When I read this I think of the current pandemic. Then I think this is nothing compared to the Vietnam (American) War, the World Wars and all the times when young men were sent to die for some reason or another. They were born into a time when the course of humanity went very much astray and had no choice in their own fate. We’re given a short time upon this Earth and yes, we can choose what to do with this time but within the limited parameters already set by the times, the country we are born into and whatever geopolitical events are happening at the time.

Many that live deserve death. And some that die deserve life. Can you give it to them? Then do not be too eager to deal out death in judgement. For even the very wise cannot see all ends.

All life is miraculous. It has taken a lot of meditation for my mind to realize just how sacred all life is. Who are we to judge if another being should live or die? I am one that never wants to kill anything, not even spiders. I felt very bad even catching fish and seeing them bleed. Yet I also eat fish, hamburgers and many other meat. How damaging it must be to kill another human. It is unnatural and something that should never occur. It is no surprise that so many come back from war with mental problems. It isn’t something that one human should ever have to do to another. This is also easy to say as I sit peacefully in my chair. Maybe it would be quite another if someone had just killed my whole family. I’m sure my stance would suddenly change. Forgiveness is the right path, but also the hardest thing to do in certain circumstances.

The wide world is all about you: you can fence yourselves in, but you cannot for ever fence it out.’

The world moves and nothing remains the same. We are all getting a very big reminder of that right now. We’re in a period of rapid change due to the virus and nobody is really sure how this will all end up. Many of us set plans, safety nets and so on but along comes a thing unforeseen and easily upends all of those carefully laid plans. I can hide under the covers but major national and world events will always find me.

Do not meddle in the affairs of Wizards, for they are subtle and quick to anger. The choice is yours: to go or wait.’ ‘And it is also said,’ answered Frodo: ‘Go not to the Elves for counsel, for they will say both no and yes.’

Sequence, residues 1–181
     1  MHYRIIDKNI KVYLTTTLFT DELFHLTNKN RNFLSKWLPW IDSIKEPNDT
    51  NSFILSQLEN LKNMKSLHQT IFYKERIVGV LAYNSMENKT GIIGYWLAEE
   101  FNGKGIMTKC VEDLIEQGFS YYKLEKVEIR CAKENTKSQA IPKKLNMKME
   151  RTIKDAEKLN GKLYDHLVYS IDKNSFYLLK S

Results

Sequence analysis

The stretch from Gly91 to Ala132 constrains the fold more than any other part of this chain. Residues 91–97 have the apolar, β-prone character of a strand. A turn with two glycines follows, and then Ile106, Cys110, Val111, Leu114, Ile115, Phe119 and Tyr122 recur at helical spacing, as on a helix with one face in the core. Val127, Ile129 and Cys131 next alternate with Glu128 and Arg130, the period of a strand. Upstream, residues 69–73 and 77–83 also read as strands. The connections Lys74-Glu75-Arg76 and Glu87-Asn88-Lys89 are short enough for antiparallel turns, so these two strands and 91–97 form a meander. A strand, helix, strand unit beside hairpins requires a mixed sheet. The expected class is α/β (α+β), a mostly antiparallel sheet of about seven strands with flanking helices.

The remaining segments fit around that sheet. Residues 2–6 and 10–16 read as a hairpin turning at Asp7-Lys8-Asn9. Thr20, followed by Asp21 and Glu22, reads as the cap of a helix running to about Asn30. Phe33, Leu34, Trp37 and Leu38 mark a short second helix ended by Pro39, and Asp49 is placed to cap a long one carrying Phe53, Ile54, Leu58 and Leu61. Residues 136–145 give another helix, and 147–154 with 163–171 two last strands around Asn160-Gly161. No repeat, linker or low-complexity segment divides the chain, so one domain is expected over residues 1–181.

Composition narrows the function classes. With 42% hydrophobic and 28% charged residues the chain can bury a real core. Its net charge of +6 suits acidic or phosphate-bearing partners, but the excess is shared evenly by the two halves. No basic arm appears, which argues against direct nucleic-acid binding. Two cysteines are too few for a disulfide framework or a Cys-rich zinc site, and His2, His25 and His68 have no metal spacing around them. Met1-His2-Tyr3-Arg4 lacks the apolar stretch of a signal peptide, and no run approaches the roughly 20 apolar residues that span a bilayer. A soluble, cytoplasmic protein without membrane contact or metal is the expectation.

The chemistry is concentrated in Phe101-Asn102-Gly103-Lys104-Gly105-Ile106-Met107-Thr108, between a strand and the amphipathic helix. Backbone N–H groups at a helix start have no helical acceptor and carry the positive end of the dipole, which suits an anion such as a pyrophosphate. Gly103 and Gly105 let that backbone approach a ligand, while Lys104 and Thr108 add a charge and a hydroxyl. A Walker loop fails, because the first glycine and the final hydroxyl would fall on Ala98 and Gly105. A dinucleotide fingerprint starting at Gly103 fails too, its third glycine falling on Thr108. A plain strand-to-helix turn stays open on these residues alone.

‘Elves seldom give unguarded advice, for advice is a dangerous gift, even from the wise to the wise, and all courses may run ill.

Cold be hand and heart and bone, and cold be sleep under stone: never more to wake on stony bed, never, till the Sun fails and the Moon is dead. In the black wind the stars shall die, and still on gold here let them lie, till the dark lord lifts his hand over dead sea and withered land.

Tom went up to the mound, and looked through the treasures. Most of these he made into a pile that glistered and sparkled on the grass. He bade them lie there ‘free to all finders, birds, beasts, Elves or Men, and all kindly creatures’; for so the spell of the mound should be broken and scattered and no Wight ever come back to it. He chose for himself from the pile a brooch set with blue stones, many-shaded like flax-flowers or the wings of blue butterflies. He looked long at it, as if stirred by some memory, shaking his head, and saying at last: ‘Here is a pretty toy for Tom and for his lady! Fair was she who long ago wore this on her shoulder. Goldberry shall wear it now, and we will not forget her!’

Tom said that it had once been the boundary of a kingdom, but a very long time ago. He seemed to remember something sad about it, and would not say much.

I love the top three quotes which come from the Barrow Downs. Unfortunately these were not mentioned in the movie and I was very disappointed. They are the tombs of long forgotten kings that are now inhabited by Barrow-wights.

The image of these things in my mind were terrifying indeed and thanks to the internet I can see how these appeared to others. The Barrows and Dead Marshes are my favorites as they are remnants of places and events of long ago. I’ve always been fascinated with the past especially ancient history.

All that is gold does not glitter, Not all those who wander are lost;

In these times, it seems like there is too much glitter when underneath is just cheap plastic. True gold such as kindness and loving fellow humans is in very short supply.